In 1936, Ernest F. Talmage brought a suit for divorce against plaintiff, who filed a cross complaint in the proceeding. The divorce proceeding came on for hearing on April 20, 1938. The divorce decree indicates that Ernest F. Talmage offered no testimony and judicial notice may be taken of the fact that under such circumstances a divorce proceeding in the superior court of Cook county is considered as a default matter, and is, in accordance with the provisions of section 3 of rule 60 of the superior court of Cook county. The next day, April 21, 1938, Ernest F. Talmage filed with the defendant an application for life insurance which resulted in the issuance of policy No. 1305698, the policy involved in this case. The application was taken by and is in the handwriting of John B. Wood, an employee of the defendant, attached to defendant’s Chicágo office, who testified both on behalf of plaintiff and defendant. From his testimony it appears that he had known Ernest F. Talmage for about two or three years before writing the application for this policy; that Mr. Talmage, when he applied for the policy, told Mr. Wood that it was necessary for him to obtain $5,000 of insurance in favor of his wife in a divorce proceeding; that there was no address given in the application for the plaintiff, as beneficiary; that he (Wood) had no dealings or conversation with either the plaintiff or her attorneys at the time of the issuance of the said policy; that the application is in Mr.- Wood’s handwriting and that he got the information contained therein from Ernest F. Talmage. The application itself reveals that Ernest F. Talmage was to be the insured and that Franeine M. Talmage was to be the primary beneficiary, and that the relationship of Franeine M. Talmage to Ernest F. Talmage was that of 1 ‘ divorced wife.” The application stated “Ownership and privilege to change the beneficiary shall vest in the insured and primary beneficiary jointly. ’ ’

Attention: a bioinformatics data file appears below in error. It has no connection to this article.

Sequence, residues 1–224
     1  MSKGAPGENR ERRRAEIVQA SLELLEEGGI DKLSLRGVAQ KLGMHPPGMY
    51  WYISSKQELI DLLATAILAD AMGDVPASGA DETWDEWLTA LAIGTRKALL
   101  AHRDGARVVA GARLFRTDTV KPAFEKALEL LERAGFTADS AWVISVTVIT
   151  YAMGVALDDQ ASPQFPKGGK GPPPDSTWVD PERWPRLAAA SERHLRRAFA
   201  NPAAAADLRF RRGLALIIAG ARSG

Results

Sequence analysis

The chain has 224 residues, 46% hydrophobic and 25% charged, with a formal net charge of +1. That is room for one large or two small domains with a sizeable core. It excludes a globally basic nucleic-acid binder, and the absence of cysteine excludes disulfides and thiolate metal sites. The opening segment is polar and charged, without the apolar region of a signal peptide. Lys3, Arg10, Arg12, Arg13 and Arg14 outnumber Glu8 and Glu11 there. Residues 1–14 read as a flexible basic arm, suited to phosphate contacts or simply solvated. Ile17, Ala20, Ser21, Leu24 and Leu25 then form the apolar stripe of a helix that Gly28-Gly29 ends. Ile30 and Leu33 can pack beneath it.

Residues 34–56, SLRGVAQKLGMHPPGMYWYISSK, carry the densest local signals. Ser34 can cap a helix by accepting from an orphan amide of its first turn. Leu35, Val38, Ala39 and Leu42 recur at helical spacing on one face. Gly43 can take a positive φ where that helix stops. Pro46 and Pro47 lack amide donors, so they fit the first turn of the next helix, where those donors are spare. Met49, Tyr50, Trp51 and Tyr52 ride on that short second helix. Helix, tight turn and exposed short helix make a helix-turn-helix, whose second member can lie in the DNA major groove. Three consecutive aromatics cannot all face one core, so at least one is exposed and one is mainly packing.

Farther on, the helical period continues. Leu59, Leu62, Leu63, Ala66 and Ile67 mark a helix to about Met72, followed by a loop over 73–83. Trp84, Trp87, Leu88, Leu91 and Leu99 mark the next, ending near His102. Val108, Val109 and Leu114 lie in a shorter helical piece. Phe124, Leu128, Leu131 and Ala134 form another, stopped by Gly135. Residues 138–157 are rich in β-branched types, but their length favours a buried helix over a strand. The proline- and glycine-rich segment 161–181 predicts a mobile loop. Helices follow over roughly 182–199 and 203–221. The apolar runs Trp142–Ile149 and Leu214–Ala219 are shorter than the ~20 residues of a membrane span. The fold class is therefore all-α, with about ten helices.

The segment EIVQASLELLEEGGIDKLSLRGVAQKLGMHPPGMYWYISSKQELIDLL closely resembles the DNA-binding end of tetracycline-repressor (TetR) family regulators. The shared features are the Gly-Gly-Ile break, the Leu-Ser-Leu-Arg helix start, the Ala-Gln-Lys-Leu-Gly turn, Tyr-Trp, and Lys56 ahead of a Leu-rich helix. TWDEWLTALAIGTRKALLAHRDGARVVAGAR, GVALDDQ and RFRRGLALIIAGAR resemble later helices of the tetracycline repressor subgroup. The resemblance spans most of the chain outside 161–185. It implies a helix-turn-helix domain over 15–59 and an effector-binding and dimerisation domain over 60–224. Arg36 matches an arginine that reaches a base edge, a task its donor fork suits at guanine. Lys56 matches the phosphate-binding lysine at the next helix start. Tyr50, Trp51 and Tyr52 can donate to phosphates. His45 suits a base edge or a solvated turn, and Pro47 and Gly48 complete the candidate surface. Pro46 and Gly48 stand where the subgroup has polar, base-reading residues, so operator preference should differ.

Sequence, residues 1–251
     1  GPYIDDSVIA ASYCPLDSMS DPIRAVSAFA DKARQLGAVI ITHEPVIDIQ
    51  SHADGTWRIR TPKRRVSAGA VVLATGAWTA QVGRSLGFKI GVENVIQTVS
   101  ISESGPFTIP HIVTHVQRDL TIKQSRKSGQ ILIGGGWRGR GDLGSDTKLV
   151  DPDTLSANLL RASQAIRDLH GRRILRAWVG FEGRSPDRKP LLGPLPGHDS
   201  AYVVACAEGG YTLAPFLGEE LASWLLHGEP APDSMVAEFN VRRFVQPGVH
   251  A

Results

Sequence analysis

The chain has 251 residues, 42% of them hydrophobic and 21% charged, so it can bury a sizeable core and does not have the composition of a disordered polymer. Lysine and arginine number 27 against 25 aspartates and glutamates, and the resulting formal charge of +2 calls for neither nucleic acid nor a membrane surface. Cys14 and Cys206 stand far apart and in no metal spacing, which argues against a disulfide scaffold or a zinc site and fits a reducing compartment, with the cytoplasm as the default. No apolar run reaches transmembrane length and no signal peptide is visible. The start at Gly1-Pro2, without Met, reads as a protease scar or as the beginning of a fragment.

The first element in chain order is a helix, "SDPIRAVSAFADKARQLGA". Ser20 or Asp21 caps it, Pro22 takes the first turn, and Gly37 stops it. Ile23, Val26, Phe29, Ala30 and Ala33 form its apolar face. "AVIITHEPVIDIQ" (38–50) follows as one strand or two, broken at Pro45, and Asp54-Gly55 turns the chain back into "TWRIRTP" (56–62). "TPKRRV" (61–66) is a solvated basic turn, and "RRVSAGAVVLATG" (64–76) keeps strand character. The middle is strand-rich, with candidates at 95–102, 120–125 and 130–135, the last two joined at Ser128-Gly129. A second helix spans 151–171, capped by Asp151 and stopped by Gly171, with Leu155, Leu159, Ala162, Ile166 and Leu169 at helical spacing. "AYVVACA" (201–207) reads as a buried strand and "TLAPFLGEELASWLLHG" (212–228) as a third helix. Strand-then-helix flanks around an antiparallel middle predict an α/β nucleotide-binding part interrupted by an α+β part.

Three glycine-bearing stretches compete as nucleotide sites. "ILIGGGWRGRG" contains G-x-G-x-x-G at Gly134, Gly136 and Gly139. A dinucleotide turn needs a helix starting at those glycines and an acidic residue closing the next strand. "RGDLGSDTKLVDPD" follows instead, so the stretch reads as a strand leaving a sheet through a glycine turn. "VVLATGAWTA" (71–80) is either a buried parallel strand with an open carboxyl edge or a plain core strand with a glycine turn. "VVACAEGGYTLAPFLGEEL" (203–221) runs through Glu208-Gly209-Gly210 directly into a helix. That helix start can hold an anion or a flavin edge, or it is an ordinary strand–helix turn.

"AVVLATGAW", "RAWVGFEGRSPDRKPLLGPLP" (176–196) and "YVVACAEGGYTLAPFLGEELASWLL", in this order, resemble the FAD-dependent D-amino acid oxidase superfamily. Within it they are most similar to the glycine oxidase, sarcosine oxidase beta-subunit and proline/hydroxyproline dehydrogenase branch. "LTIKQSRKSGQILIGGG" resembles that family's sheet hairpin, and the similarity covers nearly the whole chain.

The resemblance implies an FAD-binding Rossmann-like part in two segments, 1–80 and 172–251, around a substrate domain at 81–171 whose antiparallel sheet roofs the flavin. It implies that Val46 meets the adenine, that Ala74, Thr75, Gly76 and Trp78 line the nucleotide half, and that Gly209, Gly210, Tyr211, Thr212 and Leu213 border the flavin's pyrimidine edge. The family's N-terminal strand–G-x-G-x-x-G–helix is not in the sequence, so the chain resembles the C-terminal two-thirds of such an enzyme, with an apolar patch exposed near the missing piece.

At the time at which the application for policy No. 1305698, and thereafter, there was in force and effect section 234 of the Illinois Insurance Code (Ill. Rev. Stat. 1939, ch. 73, sec. 846 [Jones Ill. Stats. Ann. 66.909]) which provides in part as follows;

“No life company doing business in this State shall declare any policy forfeited or lapsed within six months after default in payment of any premium, installment or interest or any portion thereof, nor shall any such policy be forfeited or lapsed by reason of nonpayment when due of any premium, installment or interest, or any. portion thereof, required by the terms of the policy to be paid, within six months from the default in payment of such premium, installment or interest, unless a written or printed notice stating the amount of such premium, installment, interest or portion thereof due on such policy, the place where it shall be paid and the person to whom the same is payable, shall have been duly addressed and mailed with the required postage affixed, to the person whose life is insured, or the assignee of the policy, (if notice of the assignment has been given to the company) at his last known post office address, at least fifteen days and not more than forty-five days prior to the day when the same is due and payable, before the beginning of the period of grace. . . .” The defendant was and is a life insurance company doing business in Illinois, and its Illinois business was governed by the provisions of the Illinois Insurance Code.

After examining the application, the defendant issued the policy in question, containing the following provisions;

“A3. Rights of Primary Beneficiary. During the lifetime of the primary beneficiary this policy is without the privilege of change of beneficiary except with the written consent of the said primary beneficiary and all rights and privileges reserved to the insured or the owner of the policy are vested in the insured and said primary beneficiary jointly, except that the insured reserves the right to withdraw in cash all dividends and the surrender value of additions purchased by dividends.

“A4. Primary Beneficiary. The net sum payable on the death of the insured shall be paid to Prancine M. Talmage, his former wife, if living at the death of the insured, otherwise to the executors, administrators or assigns of the insured.” At the same time the Chicago office of the company prepared a record card concerning this policy, which record is in evidence. This card contains the following notation: “Bene.— Prancine- — Former wife.” This notation obviously means — it is urged — that the beneficiary was Prancine M. Talmage, the former wife of insured, and that, therefore, there can be no question that from the beginning, and before it issued this policy, the defendant was fully advised of the relationship between the plaintiff and Ernest F. Talmage.